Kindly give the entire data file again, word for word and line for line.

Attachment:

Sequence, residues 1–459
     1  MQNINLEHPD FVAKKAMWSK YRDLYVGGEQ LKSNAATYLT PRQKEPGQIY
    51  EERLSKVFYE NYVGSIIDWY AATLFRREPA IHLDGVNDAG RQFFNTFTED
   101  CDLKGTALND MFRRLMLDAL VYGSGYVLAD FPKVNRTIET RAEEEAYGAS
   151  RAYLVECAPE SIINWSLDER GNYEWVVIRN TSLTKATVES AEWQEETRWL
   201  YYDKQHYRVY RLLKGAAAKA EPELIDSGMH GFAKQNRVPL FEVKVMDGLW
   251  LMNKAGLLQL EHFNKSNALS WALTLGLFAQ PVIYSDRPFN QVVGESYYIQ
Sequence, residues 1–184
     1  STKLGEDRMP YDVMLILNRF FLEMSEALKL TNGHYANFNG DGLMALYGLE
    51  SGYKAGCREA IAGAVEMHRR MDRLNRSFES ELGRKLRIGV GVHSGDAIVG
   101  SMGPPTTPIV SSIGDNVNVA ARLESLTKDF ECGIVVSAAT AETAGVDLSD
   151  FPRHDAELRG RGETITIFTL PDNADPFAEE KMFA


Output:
Sequence, residues 1–459
     1  MQNINLEHPD FVAKKAMWSK YRDLYVGGEQ LKSNAATYLT PRQKEPGQIY
    51  EERLSKVFYE NYVGSIIDWY AATLFRREPA IHLDGVNDAG RQFFNTFTED
   101  CDLKGTALND MFRRLMLDAL VYGSGYVLAD FPKVNRTIET RAEEEAYGAS
   151  RAYLVECAPE SIINWSLDER GNYEWVVIRN TSLTKATVES AEWQEETRWL
   201  YYDKQHYRVY RLLKGAAAKA EPELIDSGMH GFAKQNRVPL FEVKVMDGLW
   251  LMNKAGLLQL EHFNKSNALS WALTLGLFAQ PVIYSDRPFN QVVGESYYIQ
Sequence, residues 1–184
     1  STKLGEDRMP YDVMLILNRF FLEMSEALKL TNGHYANFNG DGLMALYGLE
    51  SGYKAGCREA IAGAVEMHRR MDRLNRSFES ELGRKLRIGV GVHSGDAIVG
   101  SMGPPTTPIV SSIGDNVNVA ARLESLTKDF ECGIVVSAAT AETAGVDLSD
   151  FPRHDAELRG RGETITIFTL PDNADPFAEE KMFA